Is it really a Gain

These events often take considerable effort from our staff to either carry the day from the start or some select people from the group to come in and save the day.  This effort, often through uncompensated overtime, takes employees away from their families and otherwise disrupts their lives.  Sometimes it may come with some reward such as verbal recognition, or some time off or a gift card.  What of those projects or plans that go through uneventful either through well thought out plans, sufficient staffing levels, well executed and adapting work, or perhaps just plain luck? These events often slip blindly by unnoticed.

  • What signal does this send to our employees?
  • What if anything does this do for the rest of the team?
  • For those that are the ones who frequently must pull the fat from the fire?
  • What about those projects they go off without problems where there is no need for a firefighter?
  • Do those employees feel valued when no fuss is made because decisions taken were good guesses or well calculated and effective?
  • How does this influence our organization’s culture?

CES 2018 Event

Posted on: January 13th, 2018 by admin No Comments

CES 2018 Event

I have never gone to CES 2018 Event (Consumer Electronics Show) and was taken aback by the size of the event.  There was considerable to see, even with the minor discomfort of periodic electrical blackouts at various parts of the show.  I have a great enthusiasm for creating new things (I have ceded 7 US patents and other country patents to the companies at which I have worked).  I wonder about who things are created, where do these ideas originate and the level of productivity of the group that create these things.

It was in warm, even if wet and sometimes flooding Las Vegas.  Walking through one of the casinos I saw this flood outside the window.  There were a number of accidents and getting around was a little difficult (traffic).


Flooding down in Vegas (a nod to Stevie Ray Vaughn – Texas Flood)

I had fun on the Sony virtual ride, where I felt like I was going over a cliff at times, at other times it felt like I was in a Tron game, or skiing in the snow.  I have heard of these systems but had never sat in one of them or experienced the virtual ride before (the seat moved around, leaned forward (belted in) so it felt like I was standing on my face.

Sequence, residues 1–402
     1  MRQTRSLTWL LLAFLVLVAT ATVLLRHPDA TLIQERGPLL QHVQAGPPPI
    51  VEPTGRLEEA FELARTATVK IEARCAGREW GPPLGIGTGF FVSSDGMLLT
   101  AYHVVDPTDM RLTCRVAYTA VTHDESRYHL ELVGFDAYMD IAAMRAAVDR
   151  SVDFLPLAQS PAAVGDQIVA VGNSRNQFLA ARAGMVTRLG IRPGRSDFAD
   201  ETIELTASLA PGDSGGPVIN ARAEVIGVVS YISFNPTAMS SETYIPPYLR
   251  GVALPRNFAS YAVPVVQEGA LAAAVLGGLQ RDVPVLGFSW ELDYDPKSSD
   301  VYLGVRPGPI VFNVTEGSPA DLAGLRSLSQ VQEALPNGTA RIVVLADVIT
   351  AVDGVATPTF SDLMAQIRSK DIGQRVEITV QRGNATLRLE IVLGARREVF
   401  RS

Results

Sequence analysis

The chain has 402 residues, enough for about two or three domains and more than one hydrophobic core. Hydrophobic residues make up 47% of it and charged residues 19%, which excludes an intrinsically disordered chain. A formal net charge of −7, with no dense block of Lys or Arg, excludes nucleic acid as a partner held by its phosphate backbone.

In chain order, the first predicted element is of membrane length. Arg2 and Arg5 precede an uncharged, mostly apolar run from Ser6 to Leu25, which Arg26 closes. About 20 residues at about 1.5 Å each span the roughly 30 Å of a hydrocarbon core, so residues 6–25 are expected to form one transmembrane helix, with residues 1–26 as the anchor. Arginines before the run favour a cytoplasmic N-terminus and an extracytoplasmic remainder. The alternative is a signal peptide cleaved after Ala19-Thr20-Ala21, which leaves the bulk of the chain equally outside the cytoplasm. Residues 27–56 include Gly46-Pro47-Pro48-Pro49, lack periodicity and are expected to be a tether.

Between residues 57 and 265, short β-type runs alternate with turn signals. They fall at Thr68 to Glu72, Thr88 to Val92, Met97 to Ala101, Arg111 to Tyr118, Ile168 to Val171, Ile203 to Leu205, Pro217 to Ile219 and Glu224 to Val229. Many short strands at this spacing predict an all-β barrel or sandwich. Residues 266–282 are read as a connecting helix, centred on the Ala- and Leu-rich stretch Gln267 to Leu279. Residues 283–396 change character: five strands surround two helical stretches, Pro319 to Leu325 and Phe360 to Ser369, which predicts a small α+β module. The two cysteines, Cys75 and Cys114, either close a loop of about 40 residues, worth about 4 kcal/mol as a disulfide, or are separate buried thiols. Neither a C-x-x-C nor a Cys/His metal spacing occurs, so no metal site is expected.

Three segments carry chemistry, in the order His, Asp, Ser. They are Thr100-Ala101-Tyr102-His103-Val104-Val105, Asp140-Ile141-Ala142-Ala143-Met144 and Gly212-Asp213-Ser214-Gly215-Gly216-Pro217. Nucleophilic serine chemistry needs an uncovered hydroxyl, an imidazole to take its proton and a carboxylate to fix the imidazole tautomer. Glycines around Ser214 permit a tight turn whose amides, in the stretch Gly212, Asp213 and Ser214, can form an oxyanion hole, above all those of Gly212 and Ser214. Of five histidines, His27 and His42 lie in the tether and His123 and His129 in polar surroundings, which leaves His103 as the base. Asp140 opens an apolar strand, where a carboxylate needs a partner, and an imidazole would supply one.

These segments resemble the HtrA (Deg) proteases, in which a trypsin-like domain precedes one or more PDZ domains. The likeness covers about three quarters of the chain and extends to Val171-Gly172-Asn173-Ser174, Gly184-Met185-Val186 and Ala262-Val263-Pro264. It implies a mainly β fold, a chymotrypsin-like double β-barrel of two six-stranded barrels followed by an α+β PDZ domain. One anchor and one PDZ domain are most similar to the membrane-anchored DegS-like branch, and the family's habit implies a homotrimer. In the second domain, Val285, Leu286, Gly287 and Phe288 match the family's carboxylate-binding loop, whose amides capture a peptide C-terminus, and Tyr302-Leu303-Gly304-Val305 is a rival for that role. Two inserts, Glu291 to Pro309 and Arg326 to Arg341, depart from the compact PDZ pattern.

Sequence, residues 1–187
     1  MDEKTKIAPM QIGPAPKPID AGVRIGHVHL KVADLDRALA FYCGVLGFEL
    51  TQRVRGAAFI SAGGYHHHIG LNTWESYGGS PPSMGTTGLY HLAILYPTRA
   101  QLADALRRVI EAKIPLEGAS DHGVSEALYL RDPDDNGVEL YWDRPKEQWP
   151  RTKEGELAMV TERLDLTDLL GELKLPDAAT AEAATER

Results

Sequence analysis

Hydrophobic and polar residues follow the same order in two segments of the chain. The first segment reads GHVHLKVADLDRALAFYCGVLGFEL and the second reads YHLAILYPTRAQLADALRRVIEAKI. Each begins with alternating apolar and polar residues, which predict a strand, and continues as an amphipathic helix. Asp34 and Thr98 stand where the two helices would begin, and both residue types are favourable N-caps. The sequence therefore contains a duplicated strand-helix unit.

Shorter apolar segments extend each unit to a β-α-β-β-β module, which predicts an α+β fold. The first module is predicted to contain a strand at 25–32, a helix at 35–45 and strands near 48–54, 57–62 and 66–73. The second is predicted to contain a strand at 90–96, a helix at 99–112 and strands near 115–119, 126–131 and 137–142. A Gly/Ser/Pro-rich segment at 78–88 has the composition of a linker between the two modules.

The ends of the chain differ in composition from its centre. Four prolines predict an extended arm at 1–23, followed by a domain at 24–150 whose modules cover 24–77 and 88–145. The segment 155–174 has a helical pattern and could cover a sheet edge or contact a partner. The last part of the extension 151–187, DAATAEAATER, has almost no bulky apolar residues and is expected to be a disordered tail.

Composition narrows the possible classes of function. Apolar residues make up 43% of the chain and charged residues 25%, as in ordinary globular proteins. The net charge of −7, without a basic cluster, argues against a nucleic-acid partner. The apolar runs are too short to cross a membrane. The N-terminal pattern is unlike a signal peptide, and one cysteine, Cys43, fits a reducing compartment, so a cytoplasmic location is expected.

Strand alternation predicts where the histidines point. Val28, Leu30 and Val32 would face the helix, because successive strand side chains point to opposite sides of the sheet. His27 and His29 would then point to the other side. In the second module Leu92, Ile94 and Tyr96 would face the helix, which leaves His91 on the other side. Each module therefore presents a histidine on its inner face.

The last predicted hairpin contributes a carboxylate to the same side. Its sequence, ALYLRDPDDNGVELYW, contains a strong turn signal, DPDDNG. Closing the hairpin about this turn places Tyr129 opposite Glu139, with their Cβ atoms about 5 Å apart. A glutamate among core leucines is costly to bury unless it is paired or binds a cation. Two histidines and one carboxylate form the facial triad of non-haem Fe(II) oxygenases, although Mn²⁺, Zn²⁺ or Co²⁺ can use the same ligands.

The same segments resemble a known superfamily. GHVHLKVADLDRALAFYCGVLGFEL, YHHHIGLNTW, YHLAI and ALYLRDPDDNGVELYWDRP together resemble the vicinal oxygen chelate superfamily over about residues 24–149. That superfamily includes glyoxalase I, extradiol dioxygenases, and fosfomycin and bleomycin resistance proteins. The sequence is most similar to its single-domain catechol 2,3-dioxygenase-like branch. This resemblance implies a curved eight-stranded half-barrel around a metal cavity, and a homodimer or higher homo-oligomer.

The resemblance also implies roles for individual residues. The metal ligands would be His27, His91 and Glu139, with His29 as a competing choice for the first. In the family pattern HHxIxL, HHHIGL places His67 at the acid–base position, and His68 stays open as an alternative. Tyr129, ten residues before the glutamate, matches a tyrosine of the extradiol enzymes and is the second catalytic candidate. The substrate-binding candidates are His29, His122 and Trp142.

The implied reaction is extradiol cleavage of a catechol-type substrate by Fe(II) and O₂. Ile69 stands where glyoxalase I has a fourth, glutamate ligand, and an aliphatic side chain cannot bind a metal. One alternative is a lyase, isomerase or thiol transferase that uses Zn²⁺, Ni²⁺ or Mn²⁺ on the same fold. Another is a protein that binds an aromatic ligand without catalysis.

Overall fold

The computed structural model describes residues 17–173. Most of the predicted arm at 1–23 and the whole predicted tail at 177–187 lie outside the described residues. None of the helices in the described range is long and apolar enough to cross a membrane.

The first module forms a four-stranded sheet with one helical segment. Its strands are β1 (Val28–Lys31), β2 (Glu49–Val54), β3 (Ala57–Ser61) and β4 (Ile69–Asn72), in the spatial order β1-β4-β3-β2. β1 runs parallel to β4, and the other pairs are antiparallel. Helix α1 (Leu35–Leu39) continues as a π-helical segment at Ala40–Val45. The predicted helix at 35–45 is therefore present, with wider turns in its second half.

I spent considerable time with the vehicles at the CES 2018 event, I am an automotive guy after all.  I especially enjoyed the Mercedes Project One car seriously nice ride.  I think it was 1600 cc’s roughly the size of my old Vulcan motorcycle, cranking out nearly 1000 HP, the propulsion is electric.  The vehicle could go more than 100 miles per hour in 6 seconds!  I would really have liked to take a ride in this vehicle.

Project One

Project One

Hyundai Hydrogen

My favorite had to be the Hyundai Hydrogen fuel cell car.  I frequently have discussions with my son about battery vehicles.  He believes batteries and electric vehicles are the best solution.  Batteries require digging up elements from the earth and disposal of the battery after wearing out.  In addition to these toxic environment impacts, there is the range issue, as well as the time to recharge.  Recharging the battery takes time and the range is limited.  I cannot help but think the hydrogen fuel cell is potentially better, as the range limit is erased, and it may be less toxic on the environment (water in, and water out).


Hyundai Hydrogen Car

Hyundai Hydrogen Car

Freemont Street

It has been years since I have been to Las Vegas, saw many interesting sites outside of the show on Freemont Street.  I watched the light show while listening to The Who and many of the street musicians playing on the platforms that line the street.  There was plenty to do with any remaining energy you may have had after the CES 2018 event ended for the day.


The rainy day walking out on the street was not so interesting, however, the second day, after the rain had stopped and the weather was warmer, and it was fun and interesting indeed.  People from all over the world walking down the street, no trauma, all behaving well after the CES 2018 event.




I had a wonderful dinner at Carmines, we had an 8 pm reservation and ended up finally sitting down to dinner after 9 pm, this probably should have been anticipated since it has been reported that 170,000 people attended the CES 2018 event. A table full of guys could not clear the plates! Great seafood and pasta dishes with a range of sauces. We capped it off with a Tiramisu.




There is considerable to see at these events providing opportunities for ideas to come forth and create different products or apply existing products in new ways.  These new and exciting products provide opportunity for idea generation and discussions which can build extent technology and creativity yet further.

On another topic, if you go to the event, bring very good shoes or multiple pairs to rotate.  By the end of the third day, I was wishing I could walk around without shoes.